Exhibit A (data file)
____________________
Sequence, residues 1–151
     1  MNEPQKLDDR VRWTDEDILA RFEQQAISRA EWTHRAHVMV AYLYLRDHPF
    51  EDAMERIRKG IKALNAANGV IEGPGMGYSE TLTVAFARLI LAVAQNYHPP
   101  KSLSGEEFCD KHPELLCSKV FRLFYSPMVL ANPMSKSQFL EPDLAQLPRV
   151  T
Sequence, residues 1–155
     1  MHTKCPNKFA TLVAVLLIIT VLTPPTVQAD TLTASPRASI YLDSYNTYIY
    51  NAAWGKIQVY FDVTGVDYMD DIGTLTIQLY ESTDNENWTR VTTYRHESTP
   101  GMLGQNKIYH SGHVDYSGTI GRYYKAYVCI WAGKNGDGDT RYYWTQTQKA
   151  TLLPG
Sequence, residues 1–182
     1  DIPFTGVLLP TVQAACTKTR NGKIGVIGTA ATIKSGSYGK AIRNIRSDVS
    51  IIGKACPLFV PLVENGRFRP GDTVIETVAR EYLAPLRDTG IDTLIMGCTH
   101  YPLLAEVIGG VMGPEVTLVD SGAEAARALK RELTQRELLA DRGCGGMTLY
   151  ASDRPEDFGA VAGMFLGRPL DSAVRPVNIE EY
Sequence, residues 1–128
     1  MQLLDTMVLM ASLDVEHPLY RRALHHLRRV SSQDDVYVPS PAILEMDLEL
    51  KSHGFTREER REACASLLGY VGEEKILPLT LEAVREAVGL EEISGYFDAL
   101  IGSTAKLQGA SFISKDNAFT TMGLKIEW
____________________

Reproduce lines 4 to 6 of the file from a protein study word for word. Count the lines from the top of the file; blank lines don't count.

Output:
   101  KSLSGEEFCD KHPELLCSKV FRLFYSPMVL ANPMSKSQFL EPDLAQLPRV
   151  T
Sequence, residues 1–155